Design/methodology/approach

The stages in the publishing journey are identified. The journey commences with the articulation of a contribution and building relationships with supervisors and other researchers. It then moves on to the evaluation and selection of appropriate journals (including consideration of open access publishing options), publishing policies and ethics, writing and revising the article and submitting and subsequently revising your article in response to reviewers’ comments.

Findings

This paper concludes with an acknowledgement of the shifting nature of journal publication processes and contexts and the need for doctoral and ECRs to continue to monitor changes in journal publication practices.

Originality/value

Whilst other articles and publisher web pages offer advice on getting published in specific journals and disciplines, few provide a rounded perspective of the experience of publishing and how this can be navigated successfully.

Article
Publication date: 1 August 2002

Frances Slack and Jennifer Rowley

Online kiosks have the potential to be a significant alternative to mobile technologies in retailing, information provision and service delivery. This article describes the…

3307

Abstract

Online kiosks have the potential to be a significant alternative to mobile technologies in retailing, information provision and service delivery. This article describes the development and use of different types of online kiosk in contexts where users are on the move and away from fixed technologies. A case study of a major UK airport terminal is used to illustrate different types of kiosk applications. Comparisons are made with mobile phone technologies. Online kiosks have a niche in allowing access to information, services and e‐commerce technologies for all potential consumers. However, they also have a much wider role in self‐managed, self‐service delivery of information, services, goods and relationships to consumers on the move.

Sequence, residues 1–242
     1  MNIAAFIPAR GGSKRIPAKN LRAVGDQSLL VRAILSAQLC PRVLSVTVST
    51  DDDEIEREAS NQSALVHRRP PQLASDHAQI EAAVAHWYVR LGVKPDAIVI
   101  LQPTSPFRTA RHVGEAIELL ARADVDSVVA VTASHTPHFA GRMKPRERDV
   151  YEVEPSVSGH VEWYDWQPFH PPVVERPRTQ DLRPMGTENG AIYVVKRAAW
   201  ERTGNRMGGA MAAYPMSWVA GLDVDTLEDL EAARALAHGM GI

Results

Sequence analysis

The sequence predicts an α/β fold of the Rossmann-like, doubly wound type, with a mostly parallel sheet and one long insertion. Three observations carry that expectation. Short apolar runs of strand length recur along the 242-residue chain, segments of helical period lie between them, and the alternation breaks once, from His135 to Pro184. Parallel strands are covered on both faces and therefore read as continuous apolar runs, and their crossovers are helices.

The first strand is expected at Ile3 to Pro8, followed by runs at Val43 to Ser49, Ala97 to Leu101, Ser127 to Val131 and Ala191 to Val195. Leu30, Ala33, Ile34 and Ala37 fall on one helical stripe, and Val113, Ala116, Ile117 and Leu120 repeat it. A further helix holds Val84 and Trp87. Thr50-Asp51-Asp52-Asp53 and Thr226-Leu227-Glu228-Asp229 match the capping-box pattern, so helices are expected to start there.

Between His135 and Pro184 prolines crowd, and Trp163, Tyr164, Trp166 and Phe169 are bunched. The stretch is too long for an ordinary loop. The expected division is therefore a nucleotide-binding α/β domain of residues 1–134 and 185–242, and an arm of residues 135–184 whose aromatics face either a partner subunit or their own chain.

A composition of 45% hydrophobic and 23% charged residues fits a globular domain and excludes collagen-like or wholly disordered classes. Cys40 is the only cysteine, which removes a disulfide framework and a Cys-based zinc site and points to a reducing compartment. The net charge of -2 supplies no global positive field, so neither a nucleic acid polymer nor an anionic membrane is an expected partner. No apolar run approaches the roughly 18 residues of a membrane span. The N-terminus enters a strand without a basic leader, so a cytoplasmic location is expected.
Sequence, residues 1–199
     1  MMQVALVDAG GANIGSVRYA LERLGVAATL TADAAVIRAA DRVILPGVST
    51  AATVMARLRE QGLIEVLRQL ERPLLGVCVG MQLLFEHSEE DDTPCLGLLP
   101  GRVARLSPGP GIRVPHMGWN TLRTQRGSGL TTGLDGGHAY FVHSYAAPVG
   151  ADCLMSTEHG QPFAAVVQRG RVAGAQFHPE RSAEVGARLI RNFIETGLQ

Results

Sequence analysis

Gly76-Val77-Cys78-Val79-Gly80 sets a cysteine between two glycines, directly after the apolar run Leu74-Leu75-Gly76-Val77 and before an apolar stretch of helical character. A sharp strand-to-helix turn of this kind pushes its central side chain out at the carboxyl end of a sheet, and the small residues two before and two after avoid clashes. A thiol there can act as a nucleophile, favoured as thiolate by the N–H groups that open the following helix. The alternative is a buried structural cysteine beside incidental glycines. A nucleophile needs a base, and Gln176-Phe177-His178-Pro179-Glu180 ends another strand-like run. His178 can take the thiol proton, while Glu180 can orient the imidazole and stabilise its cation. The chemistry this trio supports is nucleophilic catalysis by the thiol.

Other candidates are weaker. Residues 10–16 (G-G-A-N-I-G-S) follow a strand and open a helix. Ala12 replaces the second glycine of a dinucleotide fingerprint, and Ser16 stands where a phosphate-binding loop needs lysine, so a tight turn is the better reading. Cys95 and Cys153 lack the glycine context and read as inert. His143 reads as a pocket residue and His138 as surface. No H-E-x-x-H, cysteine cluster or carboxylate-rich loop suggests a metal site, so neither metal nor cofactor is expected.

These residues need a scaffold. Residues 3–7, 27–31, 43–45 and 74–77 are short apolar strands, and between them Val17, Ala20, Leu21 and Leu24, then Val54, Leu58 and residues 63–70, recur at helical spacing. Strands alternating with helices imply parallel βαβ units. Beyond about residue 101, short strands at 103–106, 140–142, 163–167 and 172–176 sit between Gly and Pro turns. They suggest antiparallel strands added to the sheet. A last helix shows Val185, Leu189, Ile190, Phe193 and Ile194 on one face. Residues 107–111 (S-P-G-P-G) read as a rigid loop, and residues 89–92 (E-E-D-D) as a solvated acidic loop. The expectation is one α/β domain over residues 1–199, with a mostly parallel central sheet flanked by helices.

Details

Internet Research, vol. 12 no. 3
Type: Research Article
ISSN: 1066-2243

Keywords

Article
Publication date: 14 November 2016

Margaret-Anne Lawlor, Áine Dunne and Jennifer Rowley